A remarkable film can now be appreciated in a high-quality US release for home screenings.
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    2 of 2 people found the following review helpful By Dr. Morbius on January 28, 2012
    Format: Blu-ray
    What a great film. Altough Farley Granger seems out of place, I can't recommend this enough for fans of Italian cinema. Everyone is dubbed, of course, and the Criterion Blu-ray looks fantastic except for a washed out scene at the very end. The sound is mono, but sufficient for the well-placed chunks of Bruckner's 7th symphony which really make this something special. Don't watch The Wanton Countess bonus feature- after seeing the original Italian you won't want to anyway. Get it....
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    1 of 1 people found the following review helpful By Ronald E. Weber on March 19, 2014
    Format: Blu-ray Verified Purchase
    I've heard of this for eons, but it has been very difficult to see. It occasionally shows up on TCM, but the print always looks horrible. It is always praised as a major Technicolor achievement, so I wanted the best looking version i could get. This is a major improvement, but I fear, still isn't as vivid and dazzling as it probably was in '55 or whenever. It was released in Italy, then re-edited and messed up for American release. This is supposedly the original, complete film, and looking as close to full saturation as is possible. It's impressive, but not up to the best of domestic three strip.

    The film itself is an epic tale of a woman's obsession with Farley Granger, a military rake from the enemy camp who seduces and abandons her. It's plenty absurd, but the star power is irresistable. There is a commentary track, and also the American version is included. But after going through the normal film, and the commentary, I didn't want to sit through it again. But I a m sort of looking forward to seeing what it looks like. Apparently, the actual Granger audio track is used here, so we actually hear him rather than the dubbed in Italian version shown in Italy. But it's cut down and supposedly trashed.

    Still,, a great package of Criterion excess that is a great wallow in a major world film that still remains somewhat elusive.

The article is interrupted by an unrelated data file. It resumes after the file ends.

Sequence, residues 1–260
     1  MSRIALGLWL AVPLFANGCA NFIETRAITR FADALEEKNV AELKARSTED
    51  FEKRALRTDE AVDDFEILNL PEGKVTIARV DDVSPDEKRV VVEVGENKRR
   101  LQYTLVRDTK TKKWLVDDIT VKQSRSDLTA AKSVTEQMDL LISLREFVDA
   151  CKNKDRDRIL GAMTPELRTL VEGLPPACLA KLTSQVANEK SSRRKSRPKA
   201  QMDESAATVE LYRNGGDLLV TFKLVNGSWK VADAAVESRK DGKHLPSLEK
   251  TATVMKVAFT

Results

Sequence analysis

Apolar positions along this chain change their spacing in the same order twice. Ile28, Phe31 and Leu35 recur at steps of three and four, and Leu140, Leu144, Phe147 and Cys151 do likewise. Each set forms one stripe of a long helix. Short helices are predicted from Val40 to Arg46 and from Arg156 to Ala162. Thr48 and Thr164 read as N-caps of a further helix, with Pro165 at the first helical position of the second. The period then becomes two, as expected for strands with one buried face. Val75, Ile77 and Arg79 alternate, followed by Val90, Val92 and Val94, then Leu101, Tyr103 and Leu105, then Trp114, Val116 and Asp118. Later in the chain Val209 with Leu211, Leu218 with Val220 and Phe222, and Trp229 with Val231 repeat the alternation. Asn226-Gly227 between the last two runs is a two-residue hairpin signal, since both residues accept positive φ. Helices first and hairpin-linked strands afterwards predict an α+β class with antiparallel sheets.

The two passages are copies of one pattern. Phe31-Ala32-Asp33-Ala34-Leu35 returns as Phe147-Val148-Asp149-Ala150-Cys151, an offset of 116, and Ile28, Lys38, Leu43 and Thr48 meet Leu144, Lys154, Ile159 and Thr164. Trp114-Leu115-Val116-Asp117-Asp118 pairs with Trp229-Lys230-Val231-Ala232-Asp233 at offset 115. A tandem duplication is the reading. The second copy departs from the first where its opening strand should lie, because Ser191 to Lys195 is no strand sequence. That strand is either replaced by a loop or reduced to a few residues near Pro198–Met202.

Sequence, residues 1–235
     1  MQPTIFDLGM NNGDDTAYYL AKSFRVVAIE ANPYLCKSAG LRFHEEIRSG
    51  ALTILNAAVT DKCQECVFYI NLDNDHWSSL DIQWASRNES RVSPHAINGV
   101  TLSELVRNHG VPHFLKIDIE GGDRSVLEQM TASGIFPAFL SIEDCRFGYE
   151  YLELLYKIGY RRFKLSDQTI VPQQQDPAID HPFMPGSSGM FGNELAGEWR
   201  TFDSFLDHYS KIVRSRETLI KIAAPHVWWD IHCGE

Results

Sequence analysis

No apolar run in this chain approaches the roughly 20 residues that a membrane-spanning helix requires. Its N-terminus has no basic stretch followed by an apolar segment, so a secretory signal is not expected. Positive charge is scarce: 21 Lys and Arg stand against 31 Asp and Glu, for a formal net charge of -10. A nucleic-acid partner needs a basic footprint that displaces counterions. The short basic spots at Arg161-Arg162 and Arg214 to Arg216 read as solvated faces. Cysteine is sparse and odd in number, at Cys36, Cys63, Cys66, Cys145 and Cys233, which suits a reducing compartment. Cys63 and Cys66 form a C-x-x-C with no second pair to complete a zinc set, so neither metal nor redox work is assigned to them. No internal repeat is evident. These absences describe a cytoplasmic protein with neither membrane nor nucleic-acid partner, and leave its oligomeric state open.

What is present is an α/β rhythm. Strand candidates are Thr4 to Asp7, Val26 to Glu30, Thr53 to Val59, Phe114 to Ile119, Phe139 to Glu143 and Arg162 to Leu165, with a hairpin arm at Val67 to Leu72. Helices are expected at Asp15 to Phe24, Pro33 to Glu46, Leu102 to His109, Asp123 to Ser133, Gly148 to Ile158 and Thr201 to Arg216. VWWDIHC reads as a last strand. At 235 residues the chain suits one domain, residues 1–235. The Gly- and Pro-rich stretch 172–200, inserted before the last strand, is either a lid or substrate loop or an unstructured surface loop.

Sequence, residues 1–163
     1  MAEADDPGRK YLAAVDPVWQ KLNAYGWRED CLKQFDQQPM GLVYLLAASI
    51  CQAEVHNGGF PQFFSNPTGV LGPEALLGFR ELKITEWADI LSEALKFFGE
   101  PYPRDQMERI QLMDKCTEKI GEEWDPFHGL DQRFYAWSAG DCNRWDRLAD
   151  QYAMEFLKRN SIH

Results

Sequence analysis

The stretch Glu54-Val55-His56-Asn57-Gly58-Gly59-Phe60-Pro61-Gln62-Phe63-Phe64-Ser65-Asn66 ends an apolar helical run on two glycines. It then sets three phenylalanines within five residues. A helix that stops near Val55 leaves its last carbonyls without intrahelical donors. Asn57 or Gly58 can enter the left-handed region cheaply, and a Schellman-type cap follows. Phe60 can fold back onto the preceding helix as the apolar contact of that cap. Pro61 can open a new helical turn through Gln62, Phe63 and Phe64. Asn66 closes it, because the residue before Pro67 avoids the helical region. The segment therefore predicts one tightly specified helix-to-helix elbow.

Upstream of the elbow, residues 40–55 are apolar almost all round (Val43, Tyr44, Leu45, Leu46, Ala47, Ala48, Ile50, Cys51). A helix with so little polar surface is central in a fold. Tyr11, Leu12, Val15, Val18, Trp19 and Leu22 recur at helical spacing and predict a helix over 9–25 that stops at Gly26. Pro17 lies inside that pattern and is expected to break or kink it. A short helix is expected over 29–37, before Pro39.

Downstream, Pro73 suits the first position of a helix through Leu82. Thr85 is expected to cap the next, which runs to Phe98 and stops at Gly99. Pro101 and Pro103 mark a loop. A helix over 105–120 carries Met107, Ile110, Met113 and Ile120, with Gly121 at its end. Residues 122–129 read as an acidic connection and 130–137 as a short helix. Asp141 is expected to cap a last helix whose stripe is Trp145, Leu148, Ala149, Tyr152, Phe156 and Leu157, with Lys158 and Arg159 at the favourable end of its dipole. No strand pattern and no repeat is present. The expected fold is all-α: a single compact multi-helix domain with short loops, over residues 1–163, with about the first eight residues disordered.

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    2 of 4 people found the following review helpful By George G. Stradtman Jr. on July 17, 2011
    Format: Blu-ray Verified Purchase
    As one who deeply loves all things Italian, I found the opening of this flick to be very stirring in the way it recalls the intersection of cultural and political rebellion in Italy in the 1800's. The restored color was magnificent.
    Many of the scenes in Venice probably would require computer generation/enhancement after all of the changes that have occurred in the city over the nearly 60 years since the flick first came out. Thus, it was as much a look back at the 1950's in that city as a story of what occurred there in the 1860's.
    Interior footage of the country palace in the mountains could inspire an architect or interior decorator. As for the story line, it is a bit too melodramatic for modern sensibilities. I kept drawing parallels between Italy 60 years ago, still reeling from the German predation of World War II, and the Italy that was casting off the yoke of Austrian domination 90 years before that. Cinematic story telling seems to have had as many hidden political messages as did opera in previous generations.
    In short, I didn't think this was quite the "classic" that I heard NPR reviewers describe. It is, however, worthwhile entertainment.
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    1 of 2 people found the following review helpful By Ricardo D. Watson on May 15, 2011
    Format: Blu-ray Verified Purchase
    Nothing more to add about this extraordinary restoration. Perhaps should be released as a 2 disc edition because the extra material is so many that the player takes its time to read the disc.